Wendy, we'll put her in the converted pile, gives some very good advice on etiquette for journalists just now stumbling into our world.
Whether you like a particular post or not and feel moved to comment, don’t hesitate to chime in, ideally on topics related to your blog niche. Journalists are sometimes very reluctant to wade in. We’ve been trained NOT to become part of the story, NOT to offer opinions, NOT to express anything that might be considered “biased” or unprofessional.Some of us came into this business so long ago, we may have forgot that first feeling of wading in the deep waters. A lot of harsh words have been said on both sides of the media issue and Wendy is providing us perspective from the "other side" and an opportunity for empathy. We should take advantage.
Jay Bookman, we'll put him in the slowly converting pile, talks about the larger issues of the newspaper crisis and addresses the rapidly emerging idea of an i-Tunes model.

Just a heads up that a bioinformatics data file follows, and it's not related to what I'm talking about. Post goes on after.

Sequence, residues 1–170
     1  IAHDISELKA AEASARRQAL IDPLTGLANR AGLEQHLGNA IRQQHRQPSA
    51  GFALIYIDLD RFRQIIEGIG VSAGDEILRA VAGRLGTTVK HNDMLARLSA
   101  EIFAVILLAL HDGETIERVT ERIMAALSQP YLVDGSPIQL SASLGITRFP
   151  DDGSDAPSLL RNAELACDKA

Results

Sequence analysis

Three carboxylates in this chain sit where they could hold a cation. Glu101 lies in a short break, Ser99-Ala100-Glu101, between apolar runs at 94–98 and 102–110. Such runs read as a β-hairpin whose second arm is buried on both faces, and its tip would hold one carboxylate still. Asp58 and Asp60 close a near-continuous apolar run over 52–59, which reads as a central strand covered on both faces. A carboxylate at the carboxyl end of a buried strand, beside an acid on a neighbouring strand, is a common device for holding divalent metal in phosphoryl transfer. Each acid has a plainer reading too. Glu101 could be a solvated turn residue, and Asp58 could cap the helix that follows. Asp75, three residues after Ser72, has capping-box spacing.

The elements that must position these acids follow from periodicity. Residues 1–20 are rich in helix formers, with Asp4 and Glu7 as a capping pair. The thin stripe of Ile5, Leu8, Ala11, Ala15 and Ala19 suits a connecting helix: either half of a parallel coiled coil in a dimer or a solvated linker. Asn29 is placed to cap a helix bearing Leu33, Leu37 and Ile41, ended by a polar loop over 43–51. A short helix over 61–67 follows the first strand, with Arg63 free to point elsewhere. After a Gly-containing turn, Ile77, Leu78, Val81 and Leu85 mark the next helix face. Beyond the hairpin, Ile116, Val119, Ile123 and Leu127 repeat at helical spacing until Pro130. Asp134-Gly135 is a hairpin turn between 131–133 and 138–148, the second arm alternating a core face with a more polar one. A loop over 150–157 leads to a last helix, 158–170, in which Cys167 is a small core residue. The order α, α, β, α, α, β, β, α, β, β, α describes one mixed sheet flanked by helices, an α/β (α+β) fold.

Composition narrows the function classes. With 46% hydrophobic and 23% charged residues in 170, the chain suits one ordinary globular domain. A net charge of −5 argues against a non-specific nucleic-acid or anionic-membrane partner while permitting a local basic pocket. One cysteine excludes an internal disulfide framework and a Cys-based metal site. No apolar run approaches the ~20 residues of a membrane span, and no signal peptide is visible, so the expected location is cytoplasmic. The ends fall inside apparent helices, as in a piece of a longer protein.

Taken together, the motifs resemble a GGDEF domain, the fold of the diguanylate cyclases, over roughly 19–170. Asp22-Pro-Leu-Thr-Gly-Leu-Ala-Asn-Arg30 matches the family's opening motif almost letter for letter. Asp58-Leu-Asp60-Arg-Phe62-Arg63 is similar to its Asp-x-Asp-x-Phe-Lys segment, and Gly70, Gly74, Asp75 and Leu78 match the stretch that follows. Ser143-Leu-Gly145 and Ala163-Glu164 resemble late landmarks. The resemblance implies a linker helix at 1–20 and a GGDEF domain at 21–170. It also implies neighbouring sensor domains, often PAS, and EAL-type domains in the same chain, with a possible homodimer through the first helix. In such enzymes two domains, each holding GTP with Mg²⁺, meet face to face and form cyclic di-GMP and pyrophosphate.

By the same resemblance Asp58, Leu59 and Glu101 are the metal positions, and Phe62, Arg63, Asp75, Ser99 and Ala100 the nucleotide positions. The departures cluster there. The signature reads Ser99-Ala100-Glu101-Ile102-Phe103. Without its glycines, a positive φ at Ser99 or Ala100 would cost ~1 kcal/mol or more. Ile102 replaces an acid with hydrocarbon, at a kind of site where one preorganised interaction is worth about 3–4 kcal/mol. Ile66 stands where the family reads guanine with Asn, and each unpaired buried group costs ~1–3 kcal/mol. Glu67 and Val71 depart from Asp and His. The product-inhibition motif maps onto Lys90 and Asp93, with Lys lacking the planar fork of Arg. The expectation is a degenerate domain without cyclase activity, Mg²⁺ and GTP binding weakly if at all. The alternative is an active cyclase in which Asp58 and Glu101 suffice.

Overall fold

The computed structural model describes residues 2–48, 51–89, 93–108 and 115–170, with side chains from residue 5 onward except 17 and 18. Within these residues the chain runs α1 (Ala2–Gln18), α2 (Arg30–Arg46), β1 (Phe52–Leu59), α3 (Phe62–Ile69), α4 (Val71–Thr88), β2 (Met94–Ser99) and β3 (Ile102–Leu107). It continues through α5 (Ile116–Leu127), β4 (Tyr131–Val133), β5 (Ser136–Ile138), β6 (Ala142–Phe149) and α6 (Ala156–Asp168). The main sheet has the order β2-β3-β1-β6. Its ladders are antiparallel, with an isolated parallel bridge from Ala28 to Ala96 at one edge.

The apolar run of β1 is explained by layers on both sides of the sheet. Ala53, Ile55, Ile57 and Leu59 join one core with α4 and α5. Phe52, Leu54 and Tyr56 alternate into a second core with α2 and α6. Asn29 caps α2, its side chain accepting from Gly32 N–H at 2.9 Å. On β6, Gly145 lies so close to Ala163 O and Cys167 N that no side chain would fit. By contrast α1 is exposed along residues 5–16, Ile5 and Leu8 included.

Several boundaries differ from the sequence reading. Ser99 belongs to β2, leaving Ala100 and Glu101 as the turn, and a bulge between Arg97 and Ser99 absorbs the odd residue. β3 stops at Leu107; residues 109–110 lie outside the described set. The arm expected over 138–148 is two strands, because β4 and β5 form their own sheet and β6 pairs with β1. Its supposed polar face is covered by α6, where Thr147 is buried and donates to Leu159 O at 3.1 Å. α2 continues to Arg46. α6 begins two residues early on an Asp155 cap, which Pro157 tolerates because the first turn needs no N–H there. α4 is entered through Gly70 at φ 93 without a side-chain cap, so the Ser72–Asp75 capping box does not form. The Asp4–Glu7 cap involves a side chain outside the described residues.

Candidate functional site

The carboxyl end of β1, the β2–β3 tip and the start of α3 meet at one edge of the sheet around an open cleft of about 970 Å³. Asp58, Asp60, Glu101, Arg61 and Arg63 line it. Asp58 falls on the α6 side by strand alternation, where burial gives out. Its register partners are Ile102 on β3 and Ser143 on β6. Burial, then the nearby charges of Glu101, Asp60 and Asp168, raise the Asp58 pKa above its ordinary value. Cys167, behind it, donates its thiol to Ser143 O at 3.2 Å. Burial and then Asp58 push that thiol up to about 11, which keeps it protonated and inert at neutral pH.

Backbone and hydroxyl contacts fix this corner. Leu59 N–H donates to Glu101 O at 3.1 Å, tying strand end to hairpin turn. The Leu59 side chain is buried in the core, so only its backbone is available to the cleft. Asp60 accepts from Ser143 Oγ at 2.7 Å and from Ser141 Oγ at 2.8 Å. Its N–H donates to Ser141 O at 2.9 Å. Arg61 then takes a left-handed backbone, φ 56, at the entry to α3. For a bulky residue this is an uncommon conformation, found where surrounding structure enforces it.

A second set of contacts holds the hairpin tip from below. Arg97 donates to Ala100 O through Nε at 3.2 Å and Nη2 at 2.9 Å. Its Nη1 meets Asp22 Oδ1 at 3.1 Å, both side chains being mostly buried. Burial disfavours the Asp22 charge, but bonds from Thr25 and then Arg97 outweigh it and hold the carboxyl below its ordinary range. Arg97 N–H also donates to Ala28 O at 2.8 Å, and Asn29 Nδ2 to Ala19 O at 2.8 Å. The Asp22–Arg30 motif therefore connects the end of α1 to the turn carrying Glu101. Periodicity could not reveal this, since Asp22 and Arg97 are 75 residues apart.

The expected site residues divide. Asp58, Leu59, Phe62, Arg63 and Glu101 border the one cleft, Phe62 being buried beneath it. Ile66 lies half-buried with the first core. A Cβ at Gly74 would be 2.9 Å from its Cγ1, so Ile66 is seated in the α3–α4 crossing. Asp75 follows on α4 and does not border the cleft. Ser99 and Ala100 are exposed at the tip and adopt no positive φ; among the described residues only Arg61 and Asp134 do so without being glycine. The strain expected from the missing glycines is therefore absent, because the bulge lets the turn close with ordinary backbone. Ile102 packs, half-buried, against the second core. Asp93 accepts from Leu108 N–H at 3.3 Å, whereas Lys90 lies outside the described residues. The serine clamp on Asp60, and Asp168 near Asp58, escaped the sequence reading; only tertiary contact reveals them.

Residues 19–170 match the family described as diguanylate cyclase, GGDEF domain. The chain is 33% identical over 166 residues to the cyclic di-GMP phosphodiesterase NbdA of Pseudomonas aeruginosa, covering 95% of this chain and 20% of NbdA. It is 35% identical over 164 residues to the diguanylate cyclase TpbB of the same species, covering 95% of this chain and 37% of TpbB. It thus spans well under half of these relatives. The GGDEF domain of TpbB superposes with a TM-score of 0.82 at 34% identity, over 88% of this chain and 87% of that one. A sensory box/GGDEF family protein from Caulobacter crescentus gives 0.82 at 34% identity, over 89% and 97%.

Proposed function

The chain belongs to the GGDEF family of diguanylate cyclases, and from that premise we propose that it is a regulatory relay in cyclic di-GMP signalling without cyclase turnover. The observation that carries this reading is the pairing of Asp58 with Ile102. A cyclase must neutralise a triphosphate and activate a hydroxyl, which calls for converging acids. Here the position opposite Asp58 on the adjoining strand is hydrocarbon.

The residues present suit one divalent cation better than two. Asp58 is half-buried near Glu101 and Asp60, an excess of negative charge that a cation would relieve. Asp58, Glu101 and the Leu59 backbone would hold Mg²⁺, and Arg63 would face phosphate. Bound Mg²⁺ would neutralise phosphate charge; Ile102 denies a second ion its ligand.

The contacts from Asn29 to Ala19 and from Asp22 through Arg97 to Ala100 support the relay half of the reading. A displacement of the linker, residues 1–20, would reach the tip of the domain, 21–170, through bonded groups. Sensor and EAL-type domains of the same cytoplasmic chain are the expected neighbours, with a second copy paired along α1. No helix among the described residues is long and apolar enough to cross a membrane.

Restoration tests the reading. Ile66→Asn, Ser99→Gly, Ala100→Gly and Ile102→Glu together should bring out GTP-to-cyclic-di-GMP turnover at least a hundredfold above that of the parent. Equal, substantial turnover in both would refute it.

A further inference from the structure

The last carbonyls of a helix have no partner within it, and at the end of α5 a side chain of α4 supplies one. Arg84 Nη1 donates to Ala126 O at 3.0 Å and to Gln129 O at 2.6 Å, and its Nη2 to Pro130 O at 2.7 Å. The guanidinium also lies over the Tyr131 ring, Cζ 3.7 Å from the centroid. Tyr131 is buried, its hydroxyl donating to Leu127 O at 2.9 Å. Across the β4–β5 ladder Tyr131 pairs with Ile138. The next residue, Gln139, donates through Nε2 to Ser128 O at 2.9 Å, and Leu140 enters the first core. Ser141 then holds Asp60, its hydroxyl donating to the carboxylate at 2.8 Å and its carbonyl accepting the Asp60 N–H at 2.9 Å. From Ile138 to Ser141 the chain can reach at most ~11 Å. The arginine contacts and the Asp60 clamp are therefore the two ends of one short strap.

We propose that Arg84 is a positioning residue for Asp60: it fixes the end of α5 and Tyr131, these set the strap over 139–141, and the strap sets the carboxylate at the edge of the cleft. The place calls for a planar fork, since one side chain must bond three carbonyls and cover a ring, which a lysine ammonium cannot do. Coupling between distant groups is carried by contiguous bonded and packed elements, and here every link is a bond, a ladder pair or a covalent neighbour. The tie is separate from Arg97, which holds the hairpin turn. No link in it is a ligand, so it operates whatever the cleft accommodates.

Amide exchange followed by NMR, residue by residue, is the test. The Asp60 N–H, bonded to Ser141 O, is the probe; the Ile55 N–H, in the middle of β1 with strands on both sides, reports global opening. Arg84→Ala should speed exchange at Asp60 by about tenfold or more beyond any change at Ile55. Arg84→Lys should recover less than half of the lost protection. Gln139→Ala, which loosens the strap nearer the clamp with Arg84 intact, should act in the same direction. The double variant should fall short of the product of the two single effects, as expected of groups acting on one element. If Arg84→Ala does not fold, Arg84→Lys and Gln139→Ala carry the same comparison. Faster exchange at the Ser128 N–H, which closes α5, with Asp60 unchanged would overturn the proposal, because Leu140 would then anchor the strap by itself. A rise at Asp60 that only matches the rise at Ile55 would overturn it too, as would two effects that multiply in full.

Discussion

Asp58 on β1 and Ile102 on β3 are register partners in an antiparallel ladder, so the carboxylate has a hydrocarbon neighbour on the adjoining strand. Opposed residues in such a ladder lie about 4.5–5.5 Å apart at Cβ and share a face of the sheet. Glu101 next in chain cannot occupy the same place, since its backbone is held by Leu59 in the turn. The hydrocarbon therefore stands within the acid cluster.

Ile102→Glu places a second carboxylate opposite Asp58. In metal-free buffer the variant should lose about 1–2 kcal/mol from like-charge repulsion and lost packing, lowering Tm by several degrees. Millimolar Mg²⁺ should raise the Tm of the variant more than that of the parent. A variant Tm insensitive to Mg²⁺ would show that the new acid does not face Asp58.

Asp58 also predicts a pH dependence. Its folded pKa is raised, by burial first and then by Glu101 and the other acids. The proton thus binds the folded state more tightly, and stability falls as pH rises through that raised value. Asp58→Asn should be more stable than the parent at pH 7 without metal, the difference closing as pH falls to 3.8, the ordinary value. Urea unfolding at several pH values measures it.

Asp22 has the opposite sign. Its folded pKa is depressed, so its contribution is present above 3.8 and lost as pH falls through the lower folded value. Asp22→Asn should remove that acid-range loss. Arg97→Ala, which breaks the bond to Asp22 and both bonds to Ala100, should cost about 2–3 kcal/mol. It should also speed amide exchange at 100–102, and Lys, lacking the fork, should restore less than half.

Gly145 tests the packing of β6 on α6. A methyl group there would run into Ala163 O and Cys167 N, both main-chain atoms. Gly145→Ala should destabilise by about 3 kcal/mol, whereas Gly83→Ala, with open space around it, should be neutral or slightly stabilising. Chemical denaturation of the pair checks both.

Remember that when iTunes began, the music industry was being decimated by file sharing. By coming up with an easy user interface and obtaining the cooperation of a broad swath of music companies, Mr. Jobs helped pull the business off the brink. He has been accused of running roughshod over the music labels, which are a fraction of their former size. But they are still in business.I'm glad the newspaper industry is finally waking up to the perilous parallels to the record industry. Some of us have only been waving it in their faces for years.
Me? We're going to put me in the I Don't Know pile. I don't know if papers will survive. I know the news will survive and I know writing will survive. And although it's going to be tough and it's going to hurt at times, someone's going to find a way to make this work.
Someone always does.